Chris Bird in Belgrade
Monday December 6, 1999
Horrific human rights abuses in Kosovo at the hands of Serbian forces and the west's subsequent failure to end the anarchy are detailed in a report published today that makes a distressing last chapter to a dark century.
Titled Kosovo/Kosova: As seen, as told, the report is the culmination of a year's work by human rights workers with the Organisation for Security and Cooperation in Europe (OSCE) and is the first major report by an official international institution to detail the short but cruel conflict in the province.
The OSCE was in Kosovo before Nato's bombing campaign as international observers, and they compiled searing testimony from refugee camps in Macedonia and Albania. Its workers then returned to Kosovo in June, only to witness a depressing reversal of abuses as Serbs fled the province.
The 2,700 interviews in the first half of the report with mainly ethnic Albanian witnesses up to June 1999 - when the Nato-led peackeeping force K-For entered Kosovo - provide hundreds of pages of evidence which the OSCE says proves indisputably that the terror against the majority ethnic Albanian population was ordered by Belgrade.
"Everywhere, the attacks on communities appear to have been dictated by strategy, not by breakdown in command and control," the report says. "Suffering in Kosovo in the period monitored by the OSCE was overwhelmingly Kosovo Albanian suffering, at the hands of the Yugoslav and Serbian state military and security apparatus."
It said some Serb soldiers tried to prevent abuses against the civilian population, but added: "Bearing in mind the overwhelming evidence of a systematic campaign against Kosovo Albanians that was planned, instigated and ordered from the highest levels, some of the people [who stopped abuses] may well have been acting against orders."
However, added to the report is an update from the human rights monitor for the months June to October of this year, which admits officially for the first time to a serious failure by the international community to maintain law and order.
"The capacity to investigate violations and enforce the law has been sorely lacking. Impunity has reigned instead of justice," wrote Daan Everts, the OSCE's chief in Kosovo.
The report says Serb suspects arrested on war-crimes charges in the province are unlikely ever to get a fair trial as Serb legal experts have fled and the accused are unlikely to get a fair hearing at the hands of ethnic Albanian judges and defence lawyers.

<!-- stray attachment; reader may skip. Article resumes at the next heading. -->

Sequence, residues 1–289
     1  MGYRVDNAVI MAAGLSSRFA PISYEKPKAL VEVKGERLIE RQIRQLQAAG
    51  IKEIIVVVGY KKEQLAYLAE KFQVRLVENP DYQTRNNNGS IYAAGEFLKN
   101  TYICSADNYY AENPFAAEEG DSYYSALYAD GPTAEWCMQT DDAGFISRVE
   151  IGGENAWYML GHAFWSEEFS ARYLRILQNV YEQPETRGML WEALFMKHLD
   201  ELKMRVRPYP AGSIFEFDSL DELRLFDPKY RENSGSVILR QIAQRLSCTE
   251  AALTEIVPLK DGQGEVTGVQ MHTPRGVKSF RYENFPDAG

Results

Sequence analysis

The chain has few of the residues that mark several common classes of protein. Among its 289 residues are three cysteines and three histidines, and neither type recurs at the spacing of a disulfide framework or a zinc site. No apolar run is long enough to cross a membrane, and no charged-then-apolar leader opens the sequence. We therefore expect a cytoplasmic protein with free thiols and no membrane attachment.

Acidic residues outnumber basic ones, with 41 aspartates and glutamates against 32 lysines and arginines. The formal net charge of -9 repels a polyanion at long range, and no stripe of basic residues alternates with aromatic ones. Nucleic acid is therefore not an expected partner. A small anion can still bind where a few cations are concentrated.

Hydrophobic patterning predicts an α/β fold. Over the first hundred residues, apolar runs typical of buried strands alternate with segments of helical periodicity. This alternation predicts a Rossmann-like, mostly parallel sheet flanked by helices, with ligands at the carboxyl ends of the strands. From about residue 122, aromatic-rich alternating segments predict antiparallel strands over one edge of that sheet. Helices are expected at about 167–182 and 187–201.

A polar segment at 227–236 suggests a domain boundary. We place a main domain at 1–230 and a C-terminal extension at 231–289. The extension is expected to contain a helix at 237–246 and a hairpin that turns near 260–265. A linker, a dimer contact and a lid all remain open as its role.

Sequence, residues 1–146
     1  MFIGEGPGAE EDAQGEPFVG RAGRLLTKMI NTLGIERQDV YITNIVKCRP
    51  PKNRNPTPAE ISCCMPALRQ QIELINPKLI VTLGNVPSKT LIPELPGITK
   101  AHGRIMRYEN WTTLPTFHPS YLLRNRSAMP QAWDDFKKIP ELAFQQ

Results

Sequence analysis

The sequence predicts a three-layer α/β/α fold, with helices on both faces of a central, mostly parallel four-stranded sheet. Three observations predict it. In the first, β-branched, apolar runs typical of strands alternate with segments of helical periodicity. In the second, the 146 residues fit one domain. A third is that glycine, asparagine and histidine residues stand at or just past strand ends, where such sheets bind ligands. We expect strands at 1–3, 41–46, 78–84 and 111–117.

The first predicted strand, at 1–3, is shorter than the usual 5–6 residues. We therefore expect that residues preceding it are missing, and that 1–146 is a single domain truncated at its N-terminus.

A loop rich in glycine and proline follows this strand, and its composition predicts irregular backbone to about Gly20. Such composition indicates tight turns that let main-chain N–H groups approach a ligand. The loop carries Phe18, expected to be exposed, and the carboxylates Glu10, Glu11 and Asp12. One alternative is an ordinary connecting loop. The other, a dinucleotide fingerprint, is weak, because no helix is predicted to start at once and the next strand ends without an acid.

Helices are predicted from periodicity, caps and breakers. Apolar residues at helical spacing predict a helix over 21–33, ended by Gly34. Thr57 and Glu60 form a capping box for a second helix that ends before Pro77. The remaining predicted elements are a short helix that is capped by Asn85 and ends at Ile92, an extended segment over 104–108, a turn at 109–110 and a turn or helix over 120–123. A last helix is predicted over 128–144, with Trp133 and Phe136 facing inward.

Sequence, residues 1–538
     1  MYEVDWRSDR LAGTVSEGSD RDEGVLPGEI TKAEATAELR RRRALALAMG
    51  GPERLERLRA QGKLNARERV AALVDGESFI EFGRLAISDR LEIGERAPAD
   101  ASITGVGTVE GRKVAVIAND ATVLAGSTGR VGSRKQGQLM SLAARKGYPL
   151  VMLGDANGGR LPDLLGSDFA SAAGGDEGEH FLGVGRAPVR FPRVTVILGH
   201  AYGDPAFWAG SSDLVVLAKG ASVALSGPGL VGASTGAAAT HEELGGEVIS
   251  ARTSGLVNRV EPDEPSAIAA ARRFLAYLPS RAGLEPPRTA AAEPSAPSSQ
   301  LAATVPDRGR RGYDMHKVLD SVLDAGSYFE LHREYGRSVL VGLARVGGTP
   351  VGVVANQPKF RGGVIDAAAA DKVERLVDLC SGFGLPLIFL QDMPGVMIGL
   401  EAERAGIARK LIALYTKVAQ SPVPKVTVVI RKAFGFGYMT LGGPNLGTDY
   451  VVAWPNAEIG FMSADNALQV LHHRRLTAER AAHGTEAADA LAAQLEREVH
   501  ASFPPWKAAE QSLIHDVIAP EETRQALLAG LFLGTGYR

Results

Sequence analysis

Bernard Kouchner, the French head of the United Nations administration in Kosovo, who is under fire for the province's poor security and governance record, said in the report that it was unfair to make comparisons with pre-war Kosovo.
"At that time, and for at least a decade, there was a systematic policy of apartheid, a subhuman status, or at least a subcommunity status in Kosovo. This is no longer the case today."
But the facts are against Dr Kouchner. In the past week alone, 22 people were murdered in Kosovo, at least seven of them in ethnically motivated attacks against Serbs.
Dr Kouchner had begged for 6,000 UN police to deal with the apparently unstoppable wave of revenge attacks, but the UN had promised only 4,000, and there are only 1,700 police deployed nearly six months after peacekeepers went into Kosovo.
Another first is the finger the report points at the former guerrillas of the Kosovo Liberation Army (KLA). The report is chock full of witness accounts to abuse by ethnic Albanians purporting to be KLA members. The shadowy force continues to be the province's de facto administration and is widely held by western officials to be behind the terror campaign aimed at forcing Serbs out of Kosovo.
"It is clear that the KLA stepped in to fill the law and order void, but this policing role is unrestrained by law and without legitimacy," the report says. While it stops short of accusing the KLA's powerful leadership of organising the terror, it says its evidence points to a systematic campaign against the minorities and calls for "close scrutiny by the international community" of KLA leaders.
A depressingly common theme that runs through both halves of the report is the nightmare-like abuse of women and children on both sides of the ethnic divide.
The report details the widespread sexual abuse of ethnic Albanian women, which is an especially difficult and taboo subject within that community. It cites a 17-year-old boy who witnessed a Serb soldier rip a baby from the arms of its ethnic Albanian mother. The soldier then hacked off one of her breasts with a knife.
Elderly Serb women, with no money to leave Kosovo and no family in Serbia to fend for them, are now in the front line of abuse at the hands of vengeance-seeking ethnic Albanians.
But the apparently systematic targeting of children and their resulting descent into violence is perhaps the most heart-rending reading. One witness describes seeing a two-year-old child impaled on a wooden pole near Pristina with a sign declaring: "This is Serbia. This is what we are going to do to all Albanians, because I am God and Nato means nothing to me."
Already traumatised by what they have seen in the forced deportations, ethnic Albanian children are now being used by ethnic Albanian adults to drive the terror campaign against the Serbs because as juveniles they cannot be arrested. "We read here case after case of young people, some only 10 or 12 years old, harassing, beating and threatening people, especially defenceless elderly victims, solely because of their ethnicity," wrote Dr Kouchner.